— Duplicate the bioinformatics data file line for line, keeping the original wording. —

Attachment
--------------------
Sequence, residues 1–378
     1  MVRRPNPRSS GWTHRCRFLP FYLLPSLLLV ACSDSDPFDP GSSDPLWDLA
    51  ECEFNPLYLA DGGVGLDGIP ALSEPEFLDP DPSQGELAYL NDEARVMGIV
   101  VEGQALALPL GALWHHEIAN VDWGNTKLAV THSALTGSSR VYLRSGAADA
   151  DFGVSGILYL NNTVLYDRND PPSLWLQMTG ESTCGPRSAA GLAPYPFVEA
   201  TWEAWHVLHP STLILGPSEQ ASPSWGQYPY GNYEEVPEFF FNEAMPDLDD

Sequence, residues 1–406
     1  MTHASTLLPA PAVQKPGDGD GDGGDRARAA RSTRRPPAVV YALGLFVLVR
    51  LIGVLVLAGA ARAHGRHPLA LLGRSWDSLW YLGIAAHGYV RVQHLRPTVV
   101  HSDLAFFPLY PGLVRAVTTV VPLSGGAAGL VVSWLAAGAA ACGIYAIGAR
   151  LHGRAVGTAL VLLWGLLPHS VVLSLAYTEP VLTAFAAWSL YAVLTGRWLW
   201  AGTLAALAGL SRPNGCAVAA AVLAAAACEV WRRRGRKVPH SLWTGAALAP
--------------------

Sequence, residues 1–378
     1  MVRRPNPRSS GWTHRCRFLP FYLLPSLLLV ACSDSDPFDP GSSDPLWDLA
    51  ECEFNPLYLA DGGVGLDGIP ALSEPEFLDP DPSQGELAYL NDEARVMGIV
   101  VEGQALALPL GALWHHEIAN VDWGNTKLAV THSALTGSSR VYLRSGAADA
   151  DFGVSGILYL NNTVLYDRND PPSLWLQMTG ESTCGPRSAA GLAPYPFVEA
   201  TWEAWHVLHP STLILGPSEQ ASPSWGQYPY GNYEEVPEFF FNEAMPDLDD

Sequence, residues 1–406
     1  MTHASTLLPA PAVQKPGDGD GDGGDRARAA RSTRRPPAVV YALGLFVLVR
    51  LIGVLVLAGA ARAHGRHPLA LLGRSWDSLW YLGIAAHGYV RVQHLRPTVV
   101  HSDLAFFPLY PGLVRAVTTV VPLSGGAAGL VVSWLAAGAA ACGIYAIGAR
   151  LHGRAVGTAL VLLWGLLPHS VVLSLAYTEP VLTAFAAWSL YAVLTGRWLW
   201  AGTLAALAGL SRPNGCAVAA AVLAAAACEV WRRRGRKVPH SLWTGAALAP